SGLT2 inhibition again took the spotlight in 2021, this time as an addition to the heart failure armamentarium and becoming part of clinical guidelines. This article, published Feb. 4, 2021, took a look at the mechanism of action of empagliflozin in a substudy from EMPIRE-HF (EMPIRE-HF Renal) in an effort to understand why these drugs are taking center stage in the treatment of not just diabetes, but HF and kidney disease as well. Click here to view the original article and earn CME/CE credit.
As findings from trial after trial provide evidence of the clinical benefit of SGLT2 inhibition in patients with reduced ejection fraction heart failure (HFrEF) — DAPA-HF, EMPIRE-HF, EMPEROR-Reduced, — there is little convincing left to do about the value of adding SGLT2 inhibitors to the HF armamentarium, as demonstrated by their inclusion in an updated expert decision pathway issued by the American College of Cardiology in early January 2021.
But exactly why these drugs provide these demonstrable benefits is still debatable.
Jesper Jensen, MD, PhD, of Herlev and Gentofte University Hospital, Herlev, Denmark, and University of Copenhagen, Copenhagen, Denmark, and colleagues drilled down into data from a prespecified substudy of EMPIRE-HF (EMPIRE-HF Renal) to investigate the “effects of empagliflozin on estimated extracellular volume, estimated plasma volume, and measured glomerular filtration rate (GFR) in patients with heart failure and reduced ejection fraction.”
The researchers screened 391 eligible HFrEF patients and analyzed data from 120 randomized patients — including 105 who did not have diabetes — to come away with this explanation of benefit: “12 weeks of treatment with empagliflozin 10 mg once daily reduced estimated extracellular volume, estimated plasma volume, and measured GFR compared with placebo.” The findings were published in Lancet Diabetes & Endocrinology.
In a comment published along with the study by Jensen et al, a trio of Dutch researchers — Marcel H. A. Muskiet, MD, Hiddo J. L. Heerspink, PhD, and Daniël H. van Raalte, MD, PhD — had this to say: “These findings provide mechanistic support for the benefits of SGLT2 inhibitors in this population with respect to heart failure morbidity and mortality seen in the DAPA-HF and EMPEROR-Reduced trials. Although the enrolled patients without type 2 diabetes in the substudy of Empire HF probably had less osmotic diuresis than would hyperglycemic patients with type 2 diabetes in other studies, the effect size of empagliflozin in terms of volume contraction was similar to that reported previously in patients with type 2 diabetes and heart failure with reduced ejection fraction, which requires further study.”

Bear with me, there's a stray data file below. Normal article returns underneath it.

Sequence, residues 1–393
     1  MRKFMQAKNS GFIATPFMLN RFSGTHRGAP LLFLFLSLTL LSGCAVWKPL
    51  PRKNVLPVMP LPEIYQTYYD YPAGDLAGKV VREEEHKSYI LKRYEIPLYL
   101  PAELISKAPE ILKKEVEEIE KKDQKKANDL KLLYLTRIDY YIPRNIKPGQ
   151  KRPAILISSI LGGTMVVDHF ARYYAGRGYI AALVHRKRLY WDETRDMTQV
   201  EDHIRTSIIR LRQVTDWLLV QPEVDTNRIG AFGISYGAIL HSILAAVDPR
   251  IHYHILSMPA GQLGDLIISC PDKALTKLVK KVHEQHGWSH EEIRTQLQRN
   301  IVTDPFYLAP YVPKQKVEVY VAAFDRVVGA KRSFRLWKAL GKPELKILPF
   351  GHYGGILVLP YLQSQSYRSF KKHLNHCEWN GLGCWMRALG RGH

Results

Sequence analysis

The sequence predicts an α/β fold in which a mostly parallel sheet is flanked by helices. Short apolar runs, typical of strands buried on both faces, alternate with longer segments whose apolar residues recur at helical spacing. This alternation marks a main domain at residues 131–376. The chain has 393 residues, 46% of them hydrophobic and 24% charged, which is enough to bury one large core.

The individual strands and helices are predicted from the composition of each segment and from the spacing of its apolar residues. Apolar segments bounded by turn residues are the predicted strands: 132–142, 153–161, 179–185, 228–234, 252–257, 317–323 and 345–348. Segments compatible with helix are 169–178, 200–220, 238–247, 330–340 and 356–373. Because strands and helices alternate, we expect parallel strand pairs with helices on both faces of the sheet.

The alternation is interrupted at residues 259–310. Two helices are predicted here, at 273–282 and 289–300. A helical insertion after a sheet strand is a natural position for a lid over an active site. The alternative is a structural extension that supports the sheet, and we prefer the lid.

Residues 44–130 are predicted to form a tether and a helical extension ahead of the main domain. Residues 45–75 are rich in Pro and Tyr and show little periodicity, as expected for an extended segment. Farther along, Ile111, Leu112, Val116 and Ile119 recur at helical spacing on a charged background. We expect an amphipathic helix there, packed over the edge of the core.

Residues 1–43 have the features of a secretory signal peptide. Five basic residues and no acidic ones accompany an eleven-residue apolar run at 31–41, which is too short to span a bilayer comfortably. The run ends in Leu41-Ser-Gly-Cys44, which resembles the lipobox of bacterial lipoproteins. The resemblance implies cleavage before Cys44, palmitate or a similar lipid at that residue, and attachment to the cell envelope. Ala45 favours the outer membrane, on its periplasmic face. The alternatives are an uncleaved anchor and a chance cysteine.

Muskiet and van Raalte are with Amsterdam University Medical Centers, Amsterdam, and Heerspink with the University Medical Center Groningen, Groningen, both in the Netherlands.
All patients in the study had confirmed HFrEF (ejection fraction ≤ 40%) and were NYHA functional class I-III. All received background guideline-directed medical therapy. The patients were evenly randomized to 10 mg empagliflozin or matched placebo daily for 12 weeks.
The average age of the empagliflozin patients was 68 years, and that of placebo patients was 67. In both arms, the majority of patients were men (78% in the empagliflozin arm and 87% in the placebo arm) and all but four of the 120 patients were white (three empagliflozin patients and one placebo patient).
“The coprimary prespecified renal outcomes were the between-group difference in the changes in estimated extracellular volume, estimated plasma volume, and measured GFR from baseline to 12 weeks,” Jensen and colleagues wrote.
Among the findings:
- 60 empagliflozin patients and 59 placebo patients were included in the estimated extracellular volume and estimate plasma volume analysis.
- 59 empagliflozin patients and 58 placebo patients were included in measured GFR analysis.
- “Empagliflozin treatment resulted in reductions in estimated extracellular volume (adjusted mean difference –0.12 L, 95% CI –0.18 to –0.05; P=0.00056), estimated plasma volume (–7.3%, –10.3 to –4.3; P<0.0001), and measured GFR (–7.5 mL/min, −11.2 to –3.8; P=0.00010).”
The drug was generally well-tolerated, with five empagliflozin patients and three placebo patients reporting serious adverse events.